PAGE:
It’s the little things that have you realise that you might be becoming a teacher. For me, seeing a whiteboard eraser in our welcome satchels caught me out. We’ve even got pigeon holes in the rec room here – I don’t know if this is just because of being around school staff rooms as a kid, but nothing says teacher to me quite like a pigeon hole.
Enjoying the little things.
Just pumping out a really quick post in between going from one place to another, but I thought I’d better mention that the intensive has started in earnest. We’ve been welcomed and introduced more times than previously thought possible, and cogitated over the mission and values of Teach for Australia until our collective brains hurt, but nevertheless it’s been an exciting couple of days.
A couple of thoughts that stood out already: a quote I’ll likely misquote and have also managed to forget the original owner of from Amartya Sen : “Freedom is the ability to choose a life one can reasonably find value in”. That’s the sentiment at least.
The second was from Martin Seligman, a very impressive man who seems to have fathered positive psychology – he was talking about what it means to flourish, and boiled it down to four pillars: Happiness or amount of pleasure, finding meaning, positive relationships and achievement or mastery. The idea being that if these four are aligned, one can be considered to be flourishing.
Off now – will correct later
As of almost exactly this moment, I’m (temporarily) unemployed. It’s sinking in a bit that the bridge back to my IT career might not have been burned, but is certainly a lot more charred than it’s ever been. From here I’ve got two weeks off (and in a sweet coincidence, my wife has literally just finished her communication design degree), before the intensive starts, so for the first time since I was about 16, I don’t have a job, at least until the intensive starts – though that doesn’t really count, I’ll only really be entering the realm of the employed masses once Term starts in late Jan.
So this is another of the new beginnings. Each step along the way has added a healthy dose of anticipation, but with it a degree of nervousness and perhaps even a touch of fear. One thing’s for certain: it’s certainly an adventure ahead.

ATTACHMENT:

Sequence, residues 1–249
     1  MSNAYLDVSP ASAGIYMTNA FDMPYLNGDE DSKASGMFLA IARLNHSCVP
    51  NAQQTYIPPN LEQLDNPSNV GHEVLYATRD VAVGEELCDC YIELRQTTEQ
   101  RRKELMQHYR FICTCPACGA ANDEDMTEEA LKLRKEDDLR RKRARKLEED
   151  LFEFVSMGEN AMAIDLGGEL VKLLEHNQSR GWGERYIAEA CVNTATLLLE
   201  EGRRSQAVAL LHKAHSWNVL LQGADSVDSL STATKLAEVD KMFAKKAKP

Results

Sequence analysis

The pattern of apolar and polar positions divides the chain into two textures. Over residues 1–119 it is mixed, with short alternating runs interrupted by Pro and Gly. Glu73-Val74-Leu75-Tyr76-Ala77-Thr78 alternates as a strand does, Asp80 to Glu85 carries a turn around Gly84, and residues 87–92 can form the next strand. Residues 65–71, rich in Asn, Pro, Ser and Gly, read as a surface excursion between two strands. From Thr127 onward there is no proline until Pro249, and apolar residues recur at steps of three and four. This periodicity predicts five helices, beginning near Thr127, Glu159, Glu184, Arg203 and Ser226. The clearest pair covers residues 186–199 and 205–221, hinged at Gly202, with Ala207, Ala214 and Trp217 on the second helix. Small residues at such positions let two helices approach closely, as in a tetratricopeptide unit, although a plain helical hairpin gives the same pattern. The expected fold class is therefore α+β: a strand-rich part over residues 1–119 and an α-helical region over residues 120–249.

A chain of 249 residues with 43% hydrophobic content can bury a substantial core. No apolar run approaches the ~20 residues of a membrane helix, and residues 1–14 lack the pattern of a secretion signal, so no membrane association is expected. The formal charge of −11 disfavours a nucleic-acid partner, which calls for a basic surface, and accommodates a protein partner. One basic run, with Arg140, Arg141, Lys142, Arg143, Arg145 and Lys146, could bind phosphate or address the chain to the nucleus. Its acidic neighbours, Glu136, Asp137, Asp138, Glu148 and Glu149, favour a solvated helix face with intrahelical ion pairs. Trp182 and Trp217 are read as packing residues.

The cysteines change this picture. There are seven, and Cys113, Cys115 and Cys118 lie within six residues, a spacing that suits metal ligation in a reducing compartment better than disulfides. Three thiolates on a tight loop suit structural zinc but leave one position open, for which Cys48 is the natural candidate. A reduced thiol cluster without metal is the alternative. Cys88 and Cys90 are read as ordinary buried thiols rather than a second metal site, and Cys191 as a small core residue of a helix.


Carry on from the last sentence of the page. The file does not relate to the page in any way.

Julia Gillard was once more promoting Teach for Australia in the media, this time on Lateline raising a concerning problem.
“They were literally having their doors beaten down by high-performing graduates who wanted to get on the program, and they had to turn people away.”
via Lateline – 11/11/2009: Gillard discusses education changes. (emphasis mine)
I must admit that in the visits I’ve made to the Teach for Australia offices I hadn’t noticed any damage to their doors: but I suppose it is the sort of thing you fix fairly quickly.
(I can’t stand the misuse of the word “literally” – maybe I should be shilling for an English class…. )
I reckon when we’re at a point where young Australians are listing body image and self esteem as their number one concern in Mission Australia surveys, when we see dwindling confidence and self assurance from those who cannot possibly live up to the entirely unrealistic images that they are being bombarded with and aspire to replicate- then the time is probably long overdue for us to actually see some action.
via Moving past the blame game on body image | Article | The Punch.
Federal Minister for Youth, Kate Ellis, has written an interesting article about body image, as part of the publicity tour for the recent proposed national strategy on body image. There’s some good recommendations in the report – though you can’t help feeling that the whole thing is a little bit wishy-washy. However, politics aside I was struck the with magnitude of the quote above: that the number one concern for young people would be body image and self-esteem. If that sort of research doesn’t have an impact on how you teach: I don’t know what would.
(More information about the proposed strategy on body image can be found at youth.gov.au)